Olympic Beijing. China is a world power de facto. With an unprecedented economic growth, it faces with the celebration of the Olympic Games a challenge that endows it at once with national affirmation and global legimitation. Two articles analyze the development of the country, which has assured for itself a predominant international presence in the coming decades, and that of the capital, which takes advantage of the sports event to update headquarters and infrastructures. A map helps to locate the new facilities of the city.
Ideological Scale. Current architecture in China is not only ostentation of the growing political and economic power of the country, but also expression of the moment’s intellectual effervescence and of the desire to shape a new national identity. Six foreigners have contributed to this task: the British Lord gathers in the colossal airport the Chinese symbols and traditional colors; the French author wraps his ovoid theater with a titanium and glass membrane; the Swiss office presents the stadium as an iconic nest of steel branches in the Olympic Park, next to the bubbling facades of the swimming pools by the Australian team; the Dutch studio reinterprets the skyscraper building type in the headquarters of the state television; lastly, in the private realm, the American architect builds an interconnected residential complex.
| Cover Story
|Views and Reviews
Urban Design. The political, cultural and economic changes in China have transformed the profile of its cities; the emerging society, a totally consumerist one, wishes to create its own design brand.
|Art / Culture
|Artistic Dissidence. Two internationally renown Chinese authors have collaborated in the Games: Ai Weiwei in the design of the stadium and Cai Guo-Qiang in the opening and closing ceremonies of the Olympic events.|| Laia Manonelles
Ai Weiwei, a Plural Artist
Cai Guo-Qiang’s Big Bang
|Viennese Circle. The sociologist Otto Neurath was the leading figure of the interwar urban debates and a pioneer of the information age with his defense of interactive creation and his statistical pictograms.||Focho’s Cartoon
Ieoh Ming Pei
Fair Volumes. The modernization of the Spanish law courts buildings has triggered the construction of the new cities of justice. In Madrid, eight local offices, the New York-based Pei and four London ones – Foster, Rogers, Hadid and FOA (two of which repeat) – present fifteen cylindrical pieces; in Barcelona, another British studio executes a complex of linear blocks.
|Technique / Style
|To close, the large works promoted on the occasion of the Olympic Games in a barely democratic China spark controversy concerning the legitimacy of designing for regimes such as that of Putin in Russia, the autocracies of some ex-Soviet republics or the Gulf Emirates, areas all of them that are now experiencing an extraordinary construction boom.||Products
Bathrooms, Ceilings, Platforms
The Best and the Worst
The 2008 Olympic Games symbolically endorse China’s protagonism in today’s world: the planet’s largest nation flaunts its economic power and organizational skills through a sports, political and urban event that puts
the ‘Middle Kingdom’ at the center of the global stage.
At the same time, the colossal structures raised for the occasion – designed mainly by foreigners – turn Beijing into a rich laboratory of architectures that permit taking the temperature of a feverish discipline. Rising over a landscape of fast urban growth and vast destruction, which has led to the disappearance of the traditional city of hutongs and courthouses, the five major public works – to which we add here a private development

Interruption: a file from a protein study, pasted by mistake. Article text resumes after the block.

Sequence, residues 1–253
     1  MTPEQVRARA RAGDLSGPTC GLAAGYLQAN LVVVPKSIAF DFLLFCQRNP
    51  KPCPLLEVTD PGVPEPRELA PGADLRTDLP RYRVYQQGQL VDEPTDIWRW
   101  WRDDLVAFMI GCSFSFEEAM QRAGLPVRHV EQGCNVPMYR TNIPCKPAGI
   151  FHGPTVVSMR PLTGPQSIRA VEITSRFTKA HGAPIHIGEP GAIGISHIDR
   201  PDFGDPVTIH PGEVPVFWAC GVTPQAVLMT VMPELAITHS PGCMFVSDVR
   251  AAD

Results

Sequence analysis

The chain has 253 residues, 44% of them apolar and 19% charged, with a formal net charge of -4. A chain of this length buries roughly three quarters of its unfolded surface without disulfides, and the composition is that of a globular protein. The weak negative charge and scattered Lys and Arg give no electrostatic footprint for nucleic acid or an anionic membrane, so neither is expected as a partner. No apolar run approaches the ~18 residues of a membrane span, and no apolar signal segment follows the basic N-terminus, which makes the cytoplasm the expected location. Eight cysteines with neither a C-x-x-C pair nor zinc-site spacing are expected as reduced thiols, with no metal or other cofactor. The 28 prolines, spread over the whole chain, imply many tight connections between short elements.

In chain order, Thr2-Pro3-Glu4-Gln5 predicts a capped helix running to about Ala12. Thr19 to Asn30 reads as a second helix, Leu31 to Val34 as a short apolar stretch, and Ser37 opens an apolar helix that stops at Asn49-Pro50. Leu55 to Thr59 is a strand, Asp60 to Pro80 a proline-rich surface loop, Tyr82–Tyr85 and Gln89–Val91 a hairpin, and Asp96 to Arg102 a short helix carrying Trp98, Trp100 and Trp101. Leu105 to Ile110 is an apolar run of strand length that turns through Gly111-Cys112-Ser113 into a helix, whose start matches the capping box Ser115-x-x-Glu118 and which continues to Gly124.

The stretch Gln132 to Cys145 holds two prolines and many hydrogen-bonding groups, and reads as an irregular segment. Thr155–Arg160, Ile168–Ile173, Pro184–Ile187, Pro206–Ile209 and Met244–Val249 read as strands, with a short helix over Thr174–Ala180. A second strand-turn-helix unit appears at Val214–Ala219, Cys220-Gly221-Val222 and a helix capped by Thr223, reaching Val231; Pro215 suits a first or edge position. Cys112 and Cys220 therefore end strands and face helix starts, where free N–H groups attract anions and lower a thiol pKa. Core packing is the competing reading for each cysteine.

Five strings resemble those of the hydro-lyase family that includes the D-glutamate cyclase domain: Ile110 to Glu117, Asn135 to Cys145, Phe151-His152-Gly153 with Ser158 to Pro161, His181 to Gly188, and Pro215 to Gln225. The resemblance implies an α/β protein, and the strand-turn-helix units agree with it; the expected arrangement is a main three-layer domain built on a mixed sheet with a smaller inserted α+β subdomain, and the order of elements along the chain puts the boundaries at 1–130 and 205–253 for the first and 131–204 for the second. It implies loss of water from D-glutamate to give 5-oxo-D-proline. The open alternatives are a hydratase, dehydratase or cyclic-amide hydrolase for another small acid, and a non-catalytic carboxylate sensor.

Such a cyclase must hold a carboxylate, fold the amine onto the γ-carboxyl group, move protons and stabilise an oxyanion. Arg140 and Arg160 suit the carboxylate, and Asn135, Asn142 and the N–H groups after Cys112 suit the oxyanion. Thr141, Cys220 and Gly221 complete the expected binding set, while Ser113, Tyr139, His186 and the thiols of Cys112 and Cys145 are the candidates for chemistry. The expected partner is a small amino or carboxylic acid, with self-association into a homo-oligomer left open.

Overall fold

as an example of the country’s present building boom – are emblems of China’s rise, but also serve to illustrate the current architectural debate.
The airport by Norman Foster, with its exact diagram of flows and an unexpected lightness in what is after all the largest building in the world, shows the stubborn resilience of modernity; a design approach that is also present in the National Theater by the polytechnicien and also airport architect Paul Andreu, whose pearly ellipsoid of glass and titanium over the water inevitably evokes that French geometric monumentality that leads us back to Boullée. Postmodern in their epidermic representation of random meshes are, in contrast, the two large sports venues of the Olympic Park: the great stadium by Herzog & de Meuron, turned into an instant icon of the Games – both techtonic and pyrotechnical –, through a huge skein that knits the steel to conform what has been described as an intimate and titanic nest; and the appealing swimming pools by PTW, known as the water cube because their prismatic precinct is clad in a translucent skin of soft ETFE bubbles. Midway between epithelial postmodernity and heroic modernity are the two high-rise projects, the striking logo drawn up as a folded frame by OMA to serve as headquarters of the CCTV, with its calligraphic expression of the structural stresses and its gymnastic, formal displays in a tradition that goes from the Wolkenbügel to the Max Reinhardt Haus, and through the KIO towers; and the Linked Hybrid by Steven Holl, eight intertwined towers that unite the metaphysical abstraction of a residential still life and the technical dynamism of their industrial footbridges, in the wake of those we admire in the Van Nelle or the Pompeia factories.